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Mega Hanuman

December 4, 2017


Aravinth Kumarasamy is a man who is passionate about Bharatanatyam and other classical forms. Decades ago, Neila and Sathyalingam, who had honed their dance and musical skills in Kalakshetra, settled in Singapore and did pioneering work in teaching dance. On one of my visits years ago they introduced Aravinth as the person to whom they were handing over the mantle to run their well established institution, Apsaras Arts. Little did I guess that one day Aravinth would be a leading figure in the Arts scene of Singapore. Well, hard work, imagination, a spirit of adventure, and a certain commitment beyond the merely commercial have taken him places.

His early experience with music (the veena), choreography (Temple of Fine Arts) and mentoring by Neila, have helped in establishing his credentials. With serious intent of unity in diversity, he has formed links not only with innumerable artists in Singapore and other South East Asian countries, but also with Chennai based dancers and musicians. Added to this is his bringing some buzz into the dance community every summer uniting many students and teachers at a lively camp called Dance India Asia Pacific in collaboration with Milapfest of Liverpool. His latest achievement was to fill up the big theatre of the Esplanade with an enthusiastic crowd to watch 'Anjaneyam', which had a huge cast of dancers and musicians.

With visual effects as backdrop, a gigantic image of Hanuman rose up, whilst Hari Padman of Kalakshetra playing Anjaneya, stood in a pose in front of it on a raised platform, as the sound of drums reached a crescendo.....this was the impressive VISWAROOPAM vision in 'ANJANEYAM.' All was said in a trice....this scene epitomized the texture of the production with maximum music, massive visuals, colourful costumes, quick changes of scenes and multiple dancers. This spectacle was staged as part of Kala Utsavam by Aravinth and the Apsaras Arts dance group in collaboration with Esplanade, joined by Chennai dancers and musicians as well as a Javanese ensemble. Aravinth is quite a task master. He thinks big...he has to, if anything must be staged in the big theatre, and makes everyone work hard. He may not often think beyond one show. Perhaps he can edit and fine tune this one to make a run in other venues possible. It is worth it because so much has gone into its making.







Who does not like a new twist to an old tale?! So it was, with the story of Hanuman conceived as a miraculous brother to Rama. The pre-story unwinded in a rather leisurely manner, like old Indian dance drama traditions. The rest of the script had everything in it for telling the story, including flashbacks. For an audience familiar with the Ramayana, it was easy to follow. However, one sat up only when dramatic developments took place. Conflict makes for the best drama. Here too, a mix of Indian and Javanese martial movements brought verve and vigour to the scenario. Mohanapriyan Thavarajah, the principal dancer at Apsaras did it as Jatayu and Indrajit with a masterly touch.

There were flashes of impressive visual impact in many scenes. For example, there was magic in the movements and mystery in the lighting in the Surasa - the sea demoness episode. Other scenes too were enacted sincerely even if there was a busy stage distracting the viewer from staying engrossed in the central figures. The musical score helped in many instances, giving a lift to the drama. The quadro sound system was in fact very impressive. Many voices, instruments and effects were produced very clearly, giving the desired grandeur to the soundscape composed by Rajkumar Bharathi.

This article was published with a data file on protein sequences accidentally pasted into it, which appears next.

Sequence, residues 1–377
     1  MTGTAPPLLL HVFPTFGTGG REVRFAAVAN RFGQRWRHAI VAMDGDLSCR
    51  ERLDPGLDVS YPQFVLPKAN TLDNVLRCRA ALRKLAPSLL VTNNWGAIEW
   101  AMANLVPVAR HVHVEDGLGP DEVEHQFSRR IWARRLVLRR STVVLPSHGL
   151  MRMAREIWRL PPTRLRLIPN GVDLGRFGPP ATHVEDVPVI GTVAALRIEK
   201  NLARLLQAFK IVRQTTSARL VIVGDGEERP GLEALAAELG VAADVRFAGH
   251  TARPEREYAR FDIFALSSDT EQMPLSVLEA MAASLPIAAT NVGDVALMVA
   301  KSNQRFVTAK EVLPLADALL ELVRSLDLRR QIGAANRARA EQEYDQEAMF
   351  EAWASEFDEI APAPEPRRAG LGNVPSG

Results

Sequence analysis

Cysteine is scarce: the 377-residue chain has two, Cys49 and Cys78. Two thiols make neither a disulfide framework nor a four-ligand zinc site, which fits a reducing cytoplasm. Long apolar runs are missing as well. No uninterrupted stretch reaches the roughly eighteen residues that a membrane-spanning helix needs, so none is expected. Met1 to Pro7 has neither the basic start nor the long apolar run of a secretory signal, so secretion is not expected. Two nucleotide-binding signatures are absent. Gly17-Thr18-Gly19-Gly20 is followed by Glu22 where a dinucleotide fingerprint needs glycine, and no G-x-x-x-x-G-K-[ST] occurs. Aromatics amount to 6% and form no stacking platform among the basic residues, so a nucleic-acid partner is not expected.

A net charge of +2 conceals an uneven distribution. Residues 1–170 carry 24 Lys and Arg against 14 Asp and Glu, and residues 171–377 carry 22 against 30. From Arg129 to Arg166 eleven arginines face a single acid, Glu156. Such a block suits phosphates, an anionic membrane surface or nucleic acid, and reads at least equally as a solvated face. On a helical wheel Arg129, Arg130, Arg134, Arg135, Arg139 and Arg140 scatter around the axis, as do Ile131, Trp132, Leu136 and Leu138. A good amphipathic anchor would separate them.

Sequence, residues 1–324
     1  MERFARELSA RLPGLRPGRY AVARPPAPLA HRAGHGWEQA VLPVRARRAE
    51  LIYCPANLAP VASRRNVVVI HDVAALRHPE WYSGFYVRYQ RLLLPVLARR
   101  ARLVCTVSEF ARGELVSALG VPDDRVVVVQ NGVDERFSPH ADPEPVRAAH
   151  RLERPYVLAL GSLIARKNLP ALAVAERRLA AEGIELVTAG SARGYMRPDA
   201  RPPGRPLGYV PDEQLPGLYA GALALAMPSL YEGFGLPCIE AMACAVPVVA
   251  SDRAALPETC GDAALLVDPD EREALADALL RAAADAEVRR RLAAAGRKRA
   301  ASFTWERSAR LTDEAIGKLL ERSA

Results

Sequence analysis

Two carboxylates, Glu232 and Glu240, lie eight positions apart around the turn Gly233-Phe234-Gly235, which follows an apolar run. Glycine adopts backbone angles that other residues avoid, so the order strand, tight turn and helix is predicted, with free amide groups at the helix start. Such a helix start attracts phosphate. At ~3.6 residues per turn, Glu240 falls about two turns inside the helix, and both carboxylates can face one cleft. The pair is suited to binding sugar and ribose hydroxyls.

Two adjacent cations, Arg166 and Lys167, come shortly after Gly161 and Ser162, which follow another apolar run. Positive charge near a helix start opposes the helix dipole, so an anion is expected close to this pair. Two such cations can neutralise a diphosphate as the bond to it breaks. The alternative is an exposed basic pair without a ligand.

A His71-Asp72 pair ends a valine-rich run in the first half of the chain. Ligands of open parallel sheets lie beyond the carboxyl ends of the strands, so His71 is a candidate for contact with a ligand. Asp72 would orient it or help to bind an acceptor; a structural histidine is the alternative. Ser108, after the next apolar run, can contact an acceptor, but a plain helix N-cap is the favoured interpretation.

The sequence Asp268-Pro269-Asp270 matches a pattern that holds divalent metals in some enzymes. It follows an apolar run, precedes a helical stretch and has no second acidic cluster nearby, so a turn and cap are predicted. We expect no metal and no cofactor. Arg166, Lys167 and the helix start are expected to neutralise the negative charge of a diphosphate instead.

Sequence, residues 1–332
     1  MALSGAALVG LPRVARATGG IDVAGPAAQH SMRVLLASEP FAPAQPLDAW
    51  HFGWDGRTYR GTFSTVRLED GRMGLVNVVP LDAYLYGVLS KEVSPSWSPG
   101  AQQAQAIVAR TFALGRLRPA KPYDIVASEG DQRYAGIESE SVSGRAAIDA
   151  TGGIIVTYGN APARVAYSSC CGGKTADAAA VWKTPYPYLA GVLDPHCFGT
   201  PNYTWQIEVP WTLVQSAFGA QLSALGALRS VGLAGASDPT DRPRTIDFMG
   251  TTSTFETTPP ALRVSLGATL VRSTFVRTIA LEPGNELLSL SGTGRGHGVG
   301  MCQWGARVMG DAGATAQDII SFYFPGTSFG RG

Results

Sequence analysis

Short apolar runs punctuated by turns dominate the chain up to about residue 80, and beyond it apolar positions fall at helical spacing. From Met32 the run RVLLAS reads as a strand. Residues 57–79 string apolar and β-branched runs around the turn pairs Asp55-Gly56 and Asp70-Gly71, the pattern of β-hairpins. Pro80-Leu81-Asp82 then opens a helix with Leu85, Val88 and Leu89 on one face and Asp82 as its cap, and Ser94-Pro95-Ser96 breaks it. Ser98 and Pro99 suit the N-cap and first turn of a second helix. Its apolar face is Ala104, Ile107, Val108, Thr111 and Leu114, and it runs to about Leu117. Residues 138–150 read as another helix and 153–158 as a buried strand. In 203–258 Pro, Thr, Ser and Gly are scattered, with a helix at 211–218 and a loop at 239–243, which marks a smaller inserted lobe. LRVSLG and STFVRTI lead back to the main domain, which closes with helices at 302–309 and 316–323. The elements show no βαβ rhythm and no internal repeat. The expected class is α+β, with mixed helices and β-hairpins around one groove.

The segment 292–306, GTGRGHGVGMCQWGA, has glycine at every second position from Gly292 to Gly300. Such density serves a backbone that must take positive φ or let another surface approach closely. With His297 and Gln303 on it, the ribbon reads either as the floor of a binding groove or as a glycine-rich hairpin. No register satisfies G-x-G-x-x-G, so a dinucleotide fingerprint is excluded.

Choreographing the corps de ballet is tricky. Apsaras and Gandharvas in any show of Indian mythology can fill the stage with some good dance steps. Here too, the male and female dancers did their best to yield to the director's wish to say "this is a mega show." The pace of the scene changes was fast and the dancers accomplished their moves with alacrity.

Hari Padman as Anjaneya sincerely kept his role vibrant. He is a worthy character artist.....on a vast stage he even ventured to display deep-felt passion and emotion. It was needed and it can be done only by a mature artist. Most other characters did what they were asked to do. Osman Abdul Hamid as Ravana went the extra mile, lending some flamboyance while enjoying his role. This was a coordinated juxtaposition of Javanese music, musicians and dancers, with Bharatanatyam in all its variety. Comparing and contrasting or blending was not the goal. The Kathakali leaps introduced many years ago by Rukmini Devi for Hanuman made a nostalgic statement. It seems there is no alternative.......at least for now.

This is not a review of the show....it is just a few observations made with my keen eye for the core principles of choreography. I laud the efforts of the whole team, in producing a show, given a limited time frame, without a dull moment, and with enough showmanship to keep the audience engaged for three hours. The director has worked on it like an elaborate jigsaw puzzle, satisfied in the end that everything fell into the right place.

Jai Hanuman! May his blessings make the art of dance the elixir of life!


Lakshmi Vishwanathan, a prime disciple of Guru Kanjeevaram Elappa Pillai, is an exponent of the Thanjavur style of Bharatanatyam. She is also a trained vocalist. She is the author of several acclaimed books: Bharatanatyam - the Tamil Heritage, Kunjamma - Ode to a Nightingale, Kapaleeswara Temple, Women of Pride -The Devadasi Heritage. Her film 'The Poetry of Dance' was commissioned by the Festival of India. The Mamallapuram Dance Festival started in 1991 was Lakshmi's brainchild. She has served on several arts committees. She is the editor of Kalakshetra Journal.








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